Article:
Best New Tools of 2009: The Runners Up - Popular Woodworking Magazine

Best New Tools of 2009: The Runners Up

 In Feature Articles

Every year we name the best new tools we’ve encountered and feature them in our December issue of Popular Woodworking magazine. The process we use is entirely unscientific, and we like it that way.

Here’s a snapshot of how it works: We make a list of every tool we’ve encountered during the year, whether it’s just a tool we bought, one we reviewed in the magazine or even saw at a show. Then all the staff members hash it out during meetings, in the shop and via e-mail. We persuade, cajole and threaten one another to get our way.

And in the end, we all agree on the tools (usually we cap it at 12) on the list.

This year’s list is in the December 2009 issue of Popular Woodworking, which is on its way to subscribers and newsstands now. In the meantime, we thought we’d share the list of tools that were finalists but didn’t quite make the cut. These are all great tools, and if we had room in the magazine, I bet they would have also been on our list of “The Best New Tools of 2009.”

Delta 46-460 Midi Lathe
This lathe is in the shop right now , we plan to review it in the Tool Test column of the February 2010 issue. The cool thing about this lathe is that it has a reversing switch , a feature you don’t typically find on small-scale lathes. With the extension bed, you can turn up to a 42″-long piece between centers , that makes it a good lathe for the furniture maker who doesn’t have a lot of space and needs a lathe on occasion. Senior Editor Glen D. Huey stood up for this small machine after seeing at a show this summer.

Lie-Nielsen Thin-plate Tenon Saw
This was one of my favorites that I just couldn’t get enough support for. The great thing about this saw is that it has a very thin sawplate for a tenon saw , it’s .02″ thick instead of a more typical .032″. The thinner sawplate makes the saw easier to push through the work and more balanced overall. It’s a big sucker , the blade is 16″ long with 11 points per inch , but it handles like a much smaller saw. If you need a tenon saw, this is one for the top of your list.

Bad Axe Backsaws
Daddy has a saw problem. We purchased these Bad Axe saws earlier this year and I’ve been using the heck out of them all summer and fall. I’ve written a lot about these saws on my blog (here’s one entry). The craftsmanship on these saws is simply incredible. When I take them to shows, people can’t help but pick them up. Plus, they have a different design aesthetic than other premium saws: These tools have a decidedly American look to them with steel backs and cherry handles.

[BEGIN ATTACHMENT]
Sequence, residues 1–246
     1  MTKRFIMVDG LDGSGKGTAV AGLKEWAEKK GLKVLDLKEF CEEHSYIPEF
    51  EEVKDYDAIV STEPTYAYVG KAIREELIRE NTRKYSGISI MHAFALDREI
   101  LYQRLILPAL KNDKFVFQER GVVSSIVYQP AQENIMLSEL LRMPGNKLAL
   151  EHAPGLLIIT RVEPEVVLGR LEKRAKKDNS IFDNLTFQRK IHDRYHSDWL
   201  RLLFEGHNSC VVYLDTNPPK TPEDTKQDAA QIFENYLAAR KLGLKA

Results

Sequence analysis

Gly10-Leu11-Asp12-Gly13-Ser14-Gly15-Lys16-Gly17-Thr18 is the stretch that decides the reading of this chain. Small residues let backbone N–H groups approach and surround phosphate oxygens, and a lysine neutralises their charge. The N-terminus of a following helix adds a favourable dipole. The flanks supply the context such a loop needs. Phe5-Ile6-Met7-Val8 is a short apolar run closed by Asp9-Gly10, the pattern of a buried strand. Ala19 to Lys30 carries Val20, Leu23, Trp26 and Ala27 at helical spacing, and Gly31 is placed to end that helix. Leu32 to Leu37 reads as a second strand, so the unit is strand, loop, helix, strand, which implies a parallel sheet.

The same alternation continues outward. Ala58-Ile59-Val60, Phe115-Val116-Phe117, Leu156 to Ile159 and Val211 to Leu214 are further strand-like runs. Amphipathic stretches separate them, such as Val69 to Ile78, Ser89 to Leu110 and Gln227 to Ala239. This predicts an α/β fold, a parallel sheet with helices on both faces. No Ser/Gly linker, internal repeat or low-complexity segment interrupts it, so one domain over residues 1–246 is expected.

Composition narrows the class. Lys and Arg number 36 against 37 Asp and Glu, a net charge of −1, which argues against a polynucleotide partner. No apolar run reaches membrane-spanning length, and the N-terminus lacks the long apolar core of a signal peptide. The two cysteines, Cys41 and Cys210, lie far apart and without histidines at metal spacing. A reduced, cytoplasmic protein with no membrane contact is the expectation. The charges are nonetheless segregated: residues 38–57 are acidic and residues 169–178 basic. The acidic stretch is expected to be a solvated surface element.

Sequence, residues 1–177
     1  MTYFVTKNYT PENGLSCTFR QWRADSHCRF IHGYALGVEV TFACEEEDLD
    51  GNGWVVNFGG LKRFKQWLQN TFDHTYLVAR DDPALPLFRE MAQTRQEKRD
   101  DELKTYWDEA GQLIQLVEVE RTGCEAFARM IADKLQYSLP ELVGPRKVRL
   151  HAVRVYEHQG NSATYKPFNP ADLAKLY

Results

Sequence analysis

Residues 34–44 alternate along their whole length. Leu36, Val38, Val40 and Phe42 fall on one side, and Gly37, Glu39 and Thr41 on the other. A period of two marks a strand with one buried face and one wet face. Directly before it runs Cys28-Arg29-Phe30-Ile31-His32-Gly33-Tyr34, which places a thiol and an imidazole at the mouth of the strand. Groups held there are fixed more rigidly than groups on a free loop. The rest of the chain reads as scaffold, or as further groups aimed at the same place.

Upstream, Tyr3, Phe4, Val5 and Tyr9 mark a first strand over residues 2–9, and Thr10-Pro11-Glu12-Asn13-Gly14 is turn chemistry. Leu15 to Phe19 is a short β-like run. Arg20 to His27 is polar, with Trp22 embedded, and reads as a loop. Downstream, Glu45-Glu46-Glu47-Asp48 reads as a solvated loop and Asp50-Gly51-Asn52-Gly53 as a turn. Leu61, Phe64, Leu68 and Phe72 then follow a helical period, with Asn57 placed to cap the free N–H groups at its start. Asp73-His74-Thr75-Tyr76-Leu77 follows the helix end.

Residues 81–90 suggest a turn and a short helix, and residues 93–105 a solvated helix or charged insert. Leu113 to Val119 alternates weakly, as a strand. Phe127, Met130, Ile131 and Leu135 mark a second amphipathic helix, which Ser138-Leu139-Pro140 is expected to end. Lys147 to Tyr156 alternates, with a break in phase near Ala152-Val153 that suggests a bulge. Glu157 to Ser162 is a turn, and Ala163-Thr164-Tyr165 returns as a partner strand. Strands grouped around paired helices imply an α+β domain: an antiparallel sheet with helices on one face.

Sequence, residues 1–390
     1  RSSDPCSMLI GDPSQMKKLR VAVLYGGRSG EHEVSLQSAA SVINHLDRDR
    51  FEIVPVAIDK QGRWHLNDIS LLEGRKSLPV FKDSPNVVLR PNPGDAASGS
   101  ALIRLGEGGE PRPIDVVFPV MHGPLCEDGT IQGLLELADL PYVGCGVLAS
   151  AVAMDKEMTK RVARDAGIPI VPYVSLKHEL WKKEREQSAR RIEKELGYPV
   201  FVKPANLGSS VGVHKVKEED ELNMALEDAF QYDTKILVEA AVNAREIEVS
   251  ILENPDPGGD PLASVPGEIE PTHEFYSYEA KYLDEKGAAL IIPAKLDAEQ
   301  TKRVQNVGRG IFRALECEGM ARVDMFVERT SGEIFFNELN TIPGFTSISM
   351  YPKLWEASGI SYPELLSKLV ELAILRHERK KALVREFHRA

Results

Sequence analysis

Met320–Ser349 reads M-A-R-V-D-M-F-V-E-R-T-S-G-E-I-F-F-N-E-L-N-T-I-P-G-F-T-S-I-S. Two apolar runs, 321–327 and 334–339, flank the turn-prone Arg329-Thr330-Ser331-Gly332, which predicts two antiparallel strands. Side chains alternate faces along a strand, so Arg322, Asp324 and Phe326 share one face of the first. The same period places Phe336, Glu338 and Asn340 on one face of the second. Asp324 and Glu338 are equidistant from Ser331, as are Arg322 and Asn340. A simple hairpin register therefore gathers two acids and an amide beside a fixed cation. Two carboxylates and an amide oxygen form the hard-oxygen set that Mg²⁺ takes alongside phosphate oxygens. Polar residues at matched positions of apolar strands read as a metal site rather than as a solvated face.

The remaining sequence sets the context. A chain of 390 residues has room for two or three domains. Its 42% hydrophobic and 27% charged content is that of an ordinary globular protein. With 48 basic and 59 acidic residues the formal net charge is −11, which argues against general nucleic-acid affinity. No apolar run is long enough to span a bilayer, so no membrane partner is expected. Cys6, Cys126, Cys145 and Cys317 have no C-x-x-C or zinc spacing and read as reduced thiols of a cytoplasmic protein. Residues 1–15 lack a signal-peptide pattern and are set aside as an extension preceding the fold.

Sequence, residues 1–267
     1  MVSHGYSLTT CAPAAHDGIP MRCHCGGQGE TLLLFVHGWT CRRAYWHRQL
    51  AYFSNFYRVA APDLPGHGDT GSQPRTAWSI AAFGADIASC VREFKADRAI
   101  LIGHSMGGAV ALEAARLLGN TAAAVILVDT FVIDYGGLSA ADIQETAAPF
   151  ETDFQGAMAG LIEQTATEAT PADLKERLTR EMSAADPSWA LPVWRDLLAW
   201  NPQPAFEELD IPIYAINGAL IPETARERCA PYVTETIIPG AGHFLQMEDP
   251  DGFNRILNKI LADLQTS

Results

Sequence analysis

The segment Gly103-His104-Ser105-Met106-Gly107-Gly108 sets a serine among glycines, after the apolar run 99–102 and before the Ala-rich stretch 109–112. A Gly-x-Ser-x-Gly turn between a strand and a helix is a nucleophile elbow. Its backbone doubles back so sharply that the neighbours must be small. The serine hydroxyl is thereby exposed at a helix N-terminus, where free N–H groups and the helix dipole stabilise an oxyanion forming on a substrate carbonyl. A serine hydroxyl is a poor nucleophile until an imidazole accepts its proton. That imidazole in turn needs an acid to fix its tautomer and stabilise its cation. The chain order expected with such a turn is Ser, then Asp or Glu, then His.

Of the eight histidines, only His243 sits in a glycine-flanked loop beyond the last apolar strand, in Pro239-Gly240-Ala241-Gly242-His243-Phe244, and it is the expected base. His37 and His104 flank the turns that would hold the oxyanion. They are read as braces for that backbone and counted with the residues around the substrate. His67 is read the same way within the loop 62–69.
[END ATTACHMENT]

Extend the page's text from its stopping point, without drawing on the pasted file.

Rockler Bench Cookies
I’m sure you’ve heard about Rockler’s new Bench Cookies. Bloggers have been spilling a lot of pixels on them. We’ve been testing them out in our shop to see if they live up to the hype. We’re actually pretty impressed. We dumped them into the dust collector to see if they remain grippy when saturated by dust. They do. Our ad director, Don Schroder, has been using them quite a bit to hold his workpieces while routing them. I want to test them a bit more because I want to make sure they don’t lost their grip. But so far, so good.

Bridge City’s DSS-6 Double Saddle Square
This 6″ square is a drop-dead gorgeous and well-made tool. I personally think it should be on the list of “Best New Tools,” but we just couldn’t get the numbers to work. It’s stainless steel, which is cool, and it has a built-in saddle square. And did I mention it’s a real looker? We bought one for the shop, and Huey bought one for himself. And that says something.

Chris Vesper’s Bevel Gauges
Being the editor of this magazine doesn’t mean I always get my way. Case in point: Chris Vesper Tools’ bevel gauge. I bought a 4″ one from Vesper when he was touring around the United States. And I just ordered a larger one from him earlier this month. These tools have the best locking mechanism I’ve ever used. It really takes some effort to move the blade, and that’s what really counts in the middle of a project.

Bridge City KerfMaker KM1
John Economaki of Bridge City Tools showed us a prototype of this tool in May. Senior Editor Robert W. Lang and I were particularly impressed. The tool is a super-tricky way to set your machine fences so they make dead-perfect grooves and dados. It’s hard to explain with words, but the video on the Bridge City web site will open your eyes. This is a very clever tool that , to my knowledge , has never been made before.

And if you think these tools look good, wait until you see the list of the winners.

– Christopher Schwarz

P.S. Here’s a link to the 2008 winners if you need something else to do while your boss isn’t looking.

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Showing 2 comments
  • Paul


    Referring to the kerfmaker, I use a Stanley #38 BUTT gage,(Not sure about # sucker is/was sanded all sides,Why I know not).It is used in same way,been around fore ever. I’m 65 and it was my Great Grandfathers!

  • Craig Parker

    Ok Chris, that Bridge City KerfMaker KM1 is pretty slick. The tools that actually made the list must be pretty impressive.

    Craig Parker

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